Following on from Trevor’s Minuit post yesterday, with that fab song that stirred the heartstrings about You and me; we are New Zealand, I spent Waitangi Day at Onuku Marae just outside Akaroa. Incredibly beautiful place and I live just up down the road from Otakou Marae on the Otago Peninsula, which is equally beautiful, but different.
The Governor General, Anand Satyanand, gave his first Waitangi Day address in a location other than Government House Auckland or Wellington.
He attended the Ngai Tahu Treaty Festival at the Onuku Marae, where in 1840 the Treaty of Waitangi was first signed in the South Island and also the place where in 1998 the Crown gave its apology for breaches of the Treaty in its dealings with Ng?i Tahu.
He delivered a powerful address. Something he said, really stood out for me.
Twenty years ago, the late Emeritus Professor John Roberts, spoke on Radio New Zealand about the sequicentenary of the signing of the Treaty. This was five years after the jurisdiction of the Waitangi Tribunal had been extended to examine historical claims, and a few years before the first historical settlements. There was then some uncertainty from both M?ori and P?keh? as to the outcome of the process.
John Roberts foresaw that the process of bringing order to history’s “tangled web” would inevitably be slow and marred by misunderstanding. However, he believed that the Tribunal would one day be seen as a “proud possession of the whole nation.” More importantly, he also saw beyond the grievances of the past to a shared future. He said:
“Years ago, at a conference on race relations in New Zealand, someone proposed … that P?keh? and M?ori would eventually merge into a new and distinct people. Perhaps in the long run they may, and we shall gain something. But in the meantime we must deal with the reality of difference. My hope is not only that we may move closer and understand each other more fully but, far more than that, we may enjoy each other.”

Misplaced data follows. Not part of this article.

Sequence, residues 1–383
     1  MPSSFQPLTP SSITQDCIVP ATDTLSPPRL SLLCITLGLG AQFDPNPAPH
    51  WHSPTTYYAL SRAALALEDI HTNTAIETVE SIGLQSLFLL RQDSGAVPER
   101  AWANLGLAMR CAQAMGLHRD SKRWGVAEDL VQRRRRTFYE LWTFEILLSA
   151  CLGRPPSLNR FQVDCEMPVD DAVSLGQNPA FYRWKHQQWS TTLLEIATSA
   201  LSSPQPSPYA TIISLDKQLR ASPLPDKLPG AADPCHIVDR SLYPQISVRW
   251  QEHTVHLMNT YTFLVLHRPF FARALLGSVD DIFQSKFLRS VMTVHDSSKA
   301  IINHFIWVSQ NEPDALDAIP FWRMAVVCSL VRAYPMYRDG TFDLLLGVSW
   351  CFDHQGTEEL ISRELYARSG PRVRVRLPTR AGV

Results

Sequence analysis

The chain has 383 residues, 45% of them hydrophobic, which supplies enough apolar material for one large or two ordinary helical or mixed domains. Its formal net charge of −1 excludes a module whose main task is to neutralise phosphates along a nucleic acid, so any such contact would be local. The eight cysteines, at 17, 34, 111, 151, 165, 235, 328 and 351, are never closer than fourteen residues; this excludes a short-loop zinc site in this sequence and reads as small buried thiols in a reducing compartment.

A new and distinct people. Something to truly aspire to though, if at all, a long way off. We need to “get” each other, and as a nation not sure we are up for it yet. The John Key approach to flags and being relaxed about our relationships are not enough. So the reality of difference is what we must get right for now.
I know it’s not Kiwi, but all summer, courtesy of my two nine-year-olds, I’ve been listening to the Black-Eyed Peas. I became a fan of Will I am during Obama’s campaign when he spear-headed the Yes we Can song.
Their One Tribe song below is how I would like to see our future. Acknowledging our differences, but celebrating what binds us.
And ok, I have a bit of hippie in me.